Is Your Student in for an October Surprise?

October marks what I think of as the “dip” of fall semester.

When your student first heads back to school, there’s initial momentum and energy. Even if school isn’t what they’re accustomed to this year, your family probably felt the buzz of excitement in the early weeks. But as your student settles into the rhythm of school, their energy inevitably starts to dip.

Effort works the opposite way. The first several weeks (up to 6) of school are mostly introductions and concept reviews. As a result, coursework may not be especially challenging, which can lull students into a sense of complacency.

But then, just as energy starts to dip, classes get harder. Your student may not have even realized their energy isn’t matching the effort required—until they get a bad grade on a paper, bomb a quiz, or find themselves totally lost on a homework assignment.

Midterms are on the horizon, but there’s still time to make sure your student’s semester stays on course. We recommend a thorough mid-semester review.

Take stock of your student’s academic situation. Pull out and refer back to any early semester planning you may have completed. Your student will now have more information about what’s expected in each course, the difficulty level of their classes, and more. If you didn’t do any semester planning, there’s still time! Use this Semester Reflection Tool to get you started.

Evaluate your student’s progress. This evaluation should be based on a student’s understanding of content AND their grades on tests, papers, and assignments. Particularly this year, it may be easier to skate by on assignments without truly grasping concepts. Set your student up for success by making sure they’re on track in both areas. Use discussion, past assignments, practice problems, and teacher check-ins to guide you.

Look at the bigger picture. Juniors and seniors should also be evaluating their college process efforts, including college lists, standard test prep, application timelines, and essay-writing. And all students need to think about their own mental health. Are they getting what they need in terms of emotional support and self-care? This Mental Health Checklist is a great tool for beginning that conversation.

When you identify problems, take action. Getting to the root cause of your student’s academic issues is crucial—but so is working together to develop solutions. Here are some common examples of academic challenges and potential ways to address them:

  • Missed or incomplete assignments in one or more courses. Help your student get a clear picture of every assignment they’ve overlooked and make a plan to remedy the gaps. This probably involves a conversation with their teacher, completing the homework, and turning it in. Even if they can’t get credit for the assignments, completing them instill accountability and ensures that they’re caught up on relevant concepts.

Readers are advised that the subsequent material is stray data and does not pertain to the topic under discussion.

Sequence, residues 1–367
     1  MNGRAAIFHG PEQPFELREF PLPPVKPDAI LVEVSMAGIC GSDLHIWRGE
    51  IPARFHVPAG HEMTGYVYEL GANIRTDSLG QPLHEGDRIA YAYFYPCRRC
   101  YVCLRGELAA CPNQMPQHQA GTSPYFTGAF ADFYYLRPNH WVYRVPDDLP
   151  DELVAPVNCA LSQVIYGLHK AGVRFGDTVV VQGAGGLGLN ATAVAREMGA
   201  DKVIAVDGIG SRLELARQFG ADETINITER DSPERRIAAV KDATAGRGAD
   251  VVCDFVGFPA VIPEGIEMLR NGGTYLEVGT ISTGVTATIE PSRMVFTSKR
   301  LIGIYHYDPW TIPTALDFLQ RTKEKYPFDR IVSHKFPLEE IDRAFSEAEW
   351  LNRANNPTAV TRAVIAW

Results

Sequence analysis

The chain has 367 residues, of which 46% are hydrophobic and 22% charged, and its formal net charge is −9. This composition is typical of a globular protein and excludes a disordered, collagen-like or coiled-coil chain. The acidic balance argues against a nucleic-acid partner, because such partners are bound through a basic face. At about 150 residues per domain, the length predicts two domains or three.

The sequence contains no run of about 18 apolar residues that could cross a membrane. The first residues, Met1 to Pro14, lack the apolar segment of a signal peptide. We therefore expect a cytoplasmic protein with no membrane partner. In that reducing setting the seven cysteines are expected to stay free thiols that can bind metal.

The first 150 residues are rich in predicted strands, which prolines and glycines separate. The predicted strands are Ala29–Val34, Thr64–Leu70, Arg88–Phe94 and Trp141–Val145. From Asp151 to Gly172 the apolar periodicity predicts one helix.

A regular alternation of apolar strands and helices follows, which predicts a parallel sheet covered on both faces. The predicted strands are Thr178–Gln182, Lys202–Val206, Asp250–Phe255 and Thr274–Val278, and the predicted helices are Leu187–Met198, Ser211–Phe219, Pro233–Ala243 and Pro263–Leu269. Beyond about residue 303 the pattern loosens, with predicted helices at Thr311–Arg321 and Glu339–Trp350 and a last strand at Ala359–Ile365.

• An unexpected poor grade on a quiz or test. Bombing a test isn’t usually a fluke. You and your student should review the test with a fine-tooth comb to understand where they went wrong. Reworking problems can also be valuable. Talk to a teacher or tutor if needed; if your student is on shaky academic ground, they need to be shored up for the future.
  • Lack of feedback from the teacher. If your student isn’t having homework graded or taking frequent tests, they may not be sure how they’re doing in a particular class. Help your student put together a plan to check in with their teacher. They may be overwhelmed with the uncertain school situation and will likely appreciate your student’s proactive effort.
  • Difficulty getting what they need from a course (or school altogether). If a student doesn’t seem to be engaged with the course materials, or if they’re struggling to adapt to a teacher’s particular style (especially in a virtual or hybrid school model), then it’s time for extra support. An outside third party, such as one of Signet’s academic coaches, may be the best bet for getting to the heart of the issue and identifying learning challenges that could be at play.

No matter how your student seems to be faring this semester, a mid-semester check-in is well worth the effort. Whether you’re remedying current issues or preventing future ones, it’s an important step in ensuring that your student’s fall semester is a success!

Picture of Jay B.

Jay B.

Jay Bacrania is the CEO of Signet Education. As a high schooler, Jay won awards for chemistry at the state level in his home state of Florida, and at Harvard, he initially studied physics. After graduating, Jay spent two years studying jazz trumpet at the Berklee College of Music.

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